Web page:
“He said, ‘All these rooms are taken up,’ and he grabbed a few chairs and we met in the hallway. Isn’t that neat? With the president of Barnard, pulling up a chair and we’re sitting right there in the hallway of his office. 

“He delivered the illustrations about a month later and [Barnard] wanted some changes. Milton was scheduled to fly out that night to France. He spent all night fixing those illustrations before he went. This is Milton Glaser, the most famous person in our business. I can’t tell you how much that meant to me.”

Ashton-Worthington was a successful company, but by the 1980s, its co-founder found himself feeling stifled. The firm had grown to 25 employees “and all we were thinking about was making money,” Ashton says. “I was running the design department, and Fred was running the business department, and business wanted to do one thing and I wanted to do another.”

Ashton returned to Baltimore from the Communication Arts annual show in 1985 and walked into Worthington’s office.

“I said ‘I’m going to resign today.’ He looks up at me, and I don’t know why he said this, but he says, ‘Damn, I wish I had done it first.’”

“Sounds like it may have been a mutual parting,” I say.

“I don’t know. I found out later from the president of the Maryland Institute College of Art that Fred was so upset that he couldn’t hardly stand it. But I had no clue from him.

“I was upset with the direction of the company. It was starting to lose its edge as a design leader. And I think money is obviously necessary, but I don’t think it should be the only driving force. I left with my assistant. I rented a little carriage house. And a year later I had eight people.”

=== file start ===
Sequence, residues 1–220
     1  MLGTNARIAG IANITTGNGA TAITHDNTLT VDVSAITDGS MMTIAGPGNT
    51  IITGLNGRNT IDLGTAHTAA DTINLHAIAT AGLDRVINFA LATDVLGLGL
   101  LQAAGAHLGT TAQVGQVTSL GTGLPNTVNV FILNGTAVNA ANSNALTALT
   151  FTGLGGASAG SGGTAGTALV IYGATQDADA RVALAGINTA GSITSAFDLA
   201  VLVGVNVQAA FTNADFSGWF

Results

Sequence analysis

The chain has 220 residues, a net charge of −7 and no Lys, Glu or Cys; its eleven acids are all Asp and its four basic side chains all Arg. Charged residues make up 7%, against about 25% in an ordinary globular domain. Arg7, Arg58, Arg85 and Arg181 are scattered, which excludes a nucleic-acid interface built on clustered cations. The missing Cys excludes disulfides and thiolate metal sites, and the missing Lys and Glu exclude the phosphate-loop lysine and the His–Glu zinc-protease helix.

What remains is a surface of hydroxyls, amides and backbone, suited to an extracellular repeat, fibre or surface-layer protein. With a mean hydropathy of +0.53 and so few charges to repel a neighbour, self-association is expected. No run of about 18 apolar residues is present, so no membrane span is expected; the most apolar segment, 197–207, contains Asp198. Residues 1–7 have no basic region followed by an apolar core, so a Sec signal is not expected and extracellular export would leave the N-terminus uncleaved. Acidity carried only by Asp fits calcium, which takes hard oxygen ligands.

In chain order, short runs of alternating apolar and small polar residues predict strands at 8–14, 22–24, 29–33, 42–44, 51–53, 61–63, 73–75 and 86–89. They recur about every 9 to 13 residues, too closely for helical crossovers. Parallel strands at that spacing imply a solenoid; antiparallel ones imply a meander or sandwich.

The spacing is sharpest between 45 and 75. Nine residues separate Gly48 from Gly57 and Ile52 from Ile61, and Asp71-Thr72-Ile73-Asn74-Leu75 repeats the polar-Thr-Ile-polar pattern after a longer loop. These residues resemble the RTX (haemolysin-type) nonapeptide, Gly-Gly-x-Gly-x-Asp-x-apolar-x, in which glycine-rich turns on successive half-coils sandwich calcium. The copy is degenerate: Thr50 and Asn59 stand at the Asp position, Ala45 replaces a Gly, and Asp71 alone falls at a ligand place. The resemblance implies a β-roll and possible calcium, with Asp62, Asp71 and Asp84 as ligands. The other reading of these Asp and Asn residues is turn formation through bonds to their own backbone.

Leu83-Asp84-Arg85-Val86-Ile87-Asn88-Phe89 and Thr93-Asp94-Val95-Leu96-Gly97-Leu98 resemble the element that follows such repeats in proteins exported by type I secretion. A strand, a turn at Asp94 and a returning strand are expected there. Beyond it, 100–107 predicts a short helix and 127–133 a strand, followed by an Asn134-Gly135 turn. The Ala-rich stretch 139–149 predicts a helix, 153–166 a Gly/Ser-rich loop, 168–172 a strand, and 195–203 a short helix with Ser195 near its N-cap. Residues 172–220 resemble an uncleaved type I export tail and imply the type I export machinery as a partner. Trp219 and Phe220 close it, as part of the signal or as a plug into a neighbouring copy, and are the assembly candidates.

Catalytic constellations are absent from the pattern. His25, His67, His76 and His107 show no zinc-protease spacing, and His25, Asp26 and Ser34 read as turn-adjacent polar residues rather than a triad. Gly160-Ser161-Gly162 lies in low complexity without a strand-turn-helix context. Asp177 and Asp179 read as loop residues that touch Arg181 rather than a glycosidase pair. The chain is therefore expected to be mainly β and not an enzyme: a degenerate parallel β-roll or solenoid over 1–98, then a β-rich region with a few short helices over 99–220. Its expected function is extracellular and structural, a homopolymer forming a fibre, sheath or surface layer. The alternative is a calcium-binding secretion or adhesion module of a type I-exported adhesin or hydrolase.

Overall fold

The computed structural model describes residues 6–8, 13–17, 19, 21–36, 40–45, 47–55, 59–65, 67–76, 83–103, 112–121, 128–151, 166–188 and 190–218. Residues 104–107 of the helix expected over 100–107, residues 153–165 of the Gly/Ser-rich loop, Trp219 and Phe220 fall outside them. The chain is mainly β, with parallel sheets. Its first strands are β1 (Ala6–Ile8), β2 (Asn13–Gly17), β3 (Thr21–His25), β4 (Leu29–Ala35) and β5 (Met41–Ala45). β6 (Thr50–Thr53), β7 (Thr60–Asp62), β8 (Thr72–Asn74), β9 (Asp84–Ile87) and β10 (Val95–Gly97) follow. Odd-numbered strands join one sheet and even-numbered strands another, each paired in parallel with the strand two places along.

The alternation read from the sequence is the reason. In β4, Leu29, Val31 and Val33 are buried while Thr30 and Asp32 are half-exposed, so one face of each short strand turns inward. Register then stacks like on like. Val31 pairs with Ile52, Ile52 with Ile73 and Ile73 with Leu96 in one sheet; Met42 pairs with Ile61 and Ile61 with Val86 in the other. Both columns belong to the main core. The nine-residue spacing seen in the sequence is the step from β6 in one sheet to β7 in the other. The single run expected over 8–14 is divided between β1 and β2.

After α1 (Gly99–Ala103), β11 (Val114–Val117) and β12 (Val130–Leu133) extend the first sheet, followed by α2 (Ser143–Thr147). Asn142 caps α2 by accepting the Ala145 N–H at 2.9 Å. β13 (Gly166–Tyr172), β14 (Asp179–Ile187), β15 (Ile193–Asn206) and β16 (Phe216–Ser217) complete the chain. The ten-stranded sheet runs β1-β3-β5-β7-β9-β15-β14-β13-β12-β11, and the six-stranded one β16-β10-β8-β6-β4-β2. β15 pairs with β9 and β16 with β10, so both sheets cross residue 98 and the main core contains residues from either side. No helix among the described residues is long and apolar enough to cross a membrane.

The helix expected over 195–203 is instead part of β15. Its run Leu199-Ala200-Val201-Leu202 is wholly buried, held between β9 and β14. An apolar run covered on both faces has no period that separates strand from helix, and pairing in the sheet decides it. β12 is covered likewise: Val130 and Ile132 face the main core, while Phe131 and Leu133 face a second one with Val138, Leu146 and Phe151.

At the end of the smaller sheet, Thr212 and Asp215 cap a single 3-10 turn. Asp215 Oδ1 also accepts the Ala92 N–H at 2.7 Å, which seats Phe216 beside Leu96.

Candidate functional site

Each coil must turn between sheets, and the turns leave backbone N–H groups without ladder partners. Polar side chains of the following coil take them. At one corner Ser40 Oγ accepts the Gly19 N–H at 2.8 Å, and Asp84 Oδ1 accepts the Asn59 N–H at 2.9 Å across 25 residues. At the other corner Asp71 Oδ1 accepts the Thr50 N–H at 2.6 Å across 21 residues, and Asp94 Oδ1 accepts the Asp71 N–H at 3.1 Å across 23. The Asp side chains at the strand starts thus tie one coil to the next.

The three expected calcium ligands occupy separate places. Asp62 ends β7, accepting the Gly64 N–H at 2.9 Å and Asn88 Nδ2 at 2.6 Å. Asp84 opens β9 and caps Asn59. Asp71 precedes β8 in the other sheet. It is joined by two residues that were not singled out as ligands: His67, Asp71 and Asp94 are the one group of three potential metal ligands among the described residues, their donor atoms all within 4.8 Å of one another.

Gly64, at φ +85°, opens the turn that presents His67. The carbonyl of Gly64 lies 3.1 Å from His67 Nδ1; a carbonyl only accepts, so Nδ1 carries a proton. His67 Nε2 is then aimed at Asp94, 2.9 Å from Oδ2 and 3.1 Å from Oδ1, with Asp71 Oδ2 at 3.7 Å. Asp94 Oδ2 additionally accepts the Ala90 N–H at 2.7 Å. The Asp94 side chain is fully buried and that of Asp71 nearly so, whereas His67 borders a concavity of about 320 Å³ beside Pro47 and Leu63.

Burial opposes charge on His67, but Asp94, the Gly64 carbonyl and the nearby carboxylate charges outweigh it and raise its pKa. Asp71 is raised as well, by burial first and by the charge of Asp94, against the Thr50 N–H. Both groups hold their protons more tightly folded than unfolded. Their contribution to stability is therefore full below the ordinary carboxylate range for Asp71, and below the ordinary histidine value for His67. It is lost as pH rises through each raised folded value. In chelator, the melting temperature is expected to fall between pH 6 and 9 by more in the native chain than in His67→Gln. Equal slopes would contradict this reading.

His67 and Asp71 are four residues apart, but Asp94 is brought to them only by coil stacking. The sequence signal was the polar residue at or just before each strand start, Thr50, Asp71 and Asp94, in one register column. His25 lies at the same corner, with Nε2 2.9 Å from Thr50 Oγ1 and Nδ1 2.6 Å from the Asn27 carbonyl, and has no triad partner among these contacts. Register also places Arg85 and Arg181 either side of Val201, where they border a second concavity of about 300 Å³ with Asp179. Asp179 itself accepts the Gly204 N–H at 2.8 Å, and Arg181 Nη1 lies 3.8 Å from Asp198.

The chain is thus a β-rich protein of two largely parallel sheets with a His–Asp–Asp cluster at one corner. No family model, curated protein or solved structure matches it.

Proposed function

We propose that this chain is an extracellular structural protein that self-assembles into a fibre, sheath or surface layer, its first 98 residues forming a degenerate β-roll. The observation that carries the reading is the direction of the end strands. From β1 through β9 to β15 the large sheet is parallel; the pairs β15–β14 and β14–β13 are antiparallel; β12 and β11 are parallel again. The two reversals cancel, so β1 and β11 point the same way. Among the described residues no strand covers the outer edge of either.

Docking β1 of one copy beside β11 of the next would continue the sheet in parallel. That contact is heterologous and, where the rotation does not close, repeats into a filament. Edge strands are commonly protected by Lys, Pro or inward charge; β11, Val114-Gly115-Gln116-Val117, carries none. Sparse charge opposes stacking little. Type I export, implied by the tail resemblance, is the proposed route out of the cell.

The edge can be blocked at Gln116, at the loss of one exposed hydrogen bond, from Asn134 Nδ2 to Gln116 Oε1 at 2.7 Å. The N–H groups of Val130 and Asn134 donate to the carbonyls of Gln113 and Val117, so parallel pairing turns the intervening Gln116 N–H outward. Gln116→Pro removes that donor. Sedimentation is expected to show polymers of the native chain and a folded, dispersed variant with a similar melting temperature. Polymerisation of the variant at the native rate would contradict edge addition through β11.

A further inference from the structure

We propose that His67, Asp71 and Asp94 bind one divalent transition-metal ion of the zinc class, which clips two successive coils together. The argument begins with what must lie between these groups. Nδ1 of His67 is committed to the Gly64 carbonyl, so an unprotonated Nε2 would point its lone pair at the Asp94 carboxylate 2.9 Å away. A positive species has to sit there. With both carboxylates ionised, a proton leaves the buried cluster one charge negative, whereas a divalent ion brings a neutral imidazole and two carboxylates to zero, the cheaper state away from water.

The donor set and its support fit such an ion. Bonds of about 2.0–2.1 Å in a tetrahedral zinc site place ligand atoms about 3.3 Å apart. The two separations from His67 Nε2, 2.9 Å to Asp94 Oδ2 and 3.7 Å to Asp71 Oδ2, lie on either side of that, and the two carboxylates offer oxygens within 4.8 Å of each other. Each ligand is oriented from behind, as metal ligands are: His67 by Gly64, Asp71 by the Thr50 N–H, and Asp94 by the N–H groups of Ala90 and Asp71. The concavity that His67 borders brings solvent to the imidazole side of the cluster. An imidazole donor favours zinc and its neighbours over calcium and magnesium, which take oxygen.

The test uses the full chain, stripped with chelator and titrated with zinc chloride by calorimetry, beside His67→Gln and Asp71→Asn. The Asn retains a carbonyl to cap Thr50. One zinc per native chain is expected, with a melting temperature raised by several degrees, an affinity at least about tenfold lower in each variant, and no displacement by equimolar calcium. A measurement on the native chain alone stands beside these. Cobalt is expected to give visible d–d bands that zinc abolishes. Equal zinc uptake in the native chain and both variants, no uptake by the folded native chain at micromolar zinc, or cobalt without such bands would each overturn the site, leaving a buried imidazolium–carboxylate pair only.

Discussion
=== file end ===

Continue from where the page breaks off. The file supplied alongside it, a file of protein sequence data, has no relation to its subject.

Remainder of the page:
Six years later, that number was back down to two, after a recession nearly wiped out the firm. “I was going to job interviews,” Ashton says. “No one hired me, thank God, because that’s when I got Camden Yards.”

This is a David Ashton story you can read with a Baltimore Sun subscription. But Ashton delights in telling it. 

It was 1991. Ashton previously had created a small brochure for the Orioles promoting their forthcoming ballpark’s luxury suites. Janet Marie Smith, the team’s Mississippi-born architect and one of the first women to hold an executive position in Major League Baseball, invited Ashton to submit a larger proposal to design a main sign, scoreboard graphics, flags, banners and concourse advertising. They toured Camden Yards together. Ashton sketched with his Montblanc, went back to his office and … did nothing.

“The biggest sign I’d ever done was for a real estate company and I think it was 2 feet by 4 feet. What am I going to do for a ballpark?” he says, laughing. “It was overwhelming. And I had no clue how to do it, although I had these sketches. And here they are, laying on my desk. 

“And then [Janet] called me after two weeks and said, ‘David, do you want to do this or not?’ And I said, ‘I’ll have a proposal tomorrow morning.’”

“Sometimes we need a nudge,” I say.

“Thank God. She pushed me right to the edge. I took those sketches — and I was pretty much a Xerox wizard — and I hand-colored copies. I made a pocket folder out of dark green paper to mimic the steelwork in the ballpark. I didn’t know what to say [in the proposal], so my secretary and I made up something and stuck it in one pocket. And I stuck a stack of the drawings in the other pocket, closed the thing up and designed an orange band to go around the folder.” 

Ashton is moving his hands as though he’s rebuilding the folder in the air.

“I found a copy of their original Orioles logo, which I Xeroxed onto another piece of paper and pasted that on the center of the band. Orange band, green folder. It looked just like it came from the Orioles. 

“I was doing this the day I said I’d get it to [Janet]. It was near the end of the day. I rushed down to her office. She wasn’t in.”

Ashton stands and pantomimes slipping an invisible folder onto the light pink coffee table in front of him. He slaps it with his palm.

“I stuck it onto her table and ran.”

He was hired the next day.